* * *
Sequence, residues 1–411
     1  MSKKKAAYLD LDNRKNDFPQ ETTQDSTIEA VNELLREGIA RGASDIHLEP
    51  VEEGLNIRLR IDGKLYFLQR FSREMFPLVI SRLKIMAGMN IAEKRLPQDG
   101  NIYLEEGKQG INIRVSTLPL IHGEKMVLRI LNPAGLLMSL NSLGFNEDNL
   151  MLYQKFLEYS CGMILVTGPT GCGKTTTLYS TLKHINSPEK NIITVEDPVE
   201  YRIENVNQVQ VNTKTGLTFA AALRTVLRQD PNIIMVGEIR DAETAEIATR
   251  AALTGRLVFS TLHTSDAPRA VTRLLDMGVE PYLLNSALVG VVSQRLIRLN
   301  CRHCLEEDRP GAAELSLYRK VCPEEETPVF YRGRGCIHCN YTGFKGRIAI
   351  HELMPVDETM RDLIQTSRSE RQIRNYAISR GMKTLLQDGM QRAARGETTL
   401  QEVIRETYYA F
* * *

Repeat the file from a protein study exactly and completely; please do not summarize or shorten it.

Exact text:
Sequence, residues 1–411
     1  MSKKKAAYLD LDNRKNDFPQ ETTQDSTIEA VNELLREGIA RGASDIHLEP
    51  VEEGLNIRLR IDGKLYFLQR FSREMFPLVI SRLKIMAGMN IAEKRLPQDG
   101  NIYLEEGKQG INIRVSTLPL IHGEKMVLRI LNPAGLLMSL NSLGFNEDNL
   151  MLYQKFLEYS CGMILVTGPT GCGKTTTLYS TLKHINSPEK NIITVEDPVE
   201  YRIENVNQVQ VNTKTGLTFA AALRTVLRQD PNIIMVGEIR DAETAEIATR
   251  AALTGRLVFS TLHTSDAPRA VTRLLDMGVE PYLLNSALVG VVSQRLIRLN
   301  CRHCLEEDRP GAAELSLYRK VCPEEETPVF YRGRGCIHCN YTGFKGRIAI
   351  HELMPVDETM RDLIQTSRSE RQIRNYAISR GMKTLLQDGM QRAARGETTL
   401  QEVIRETYYA F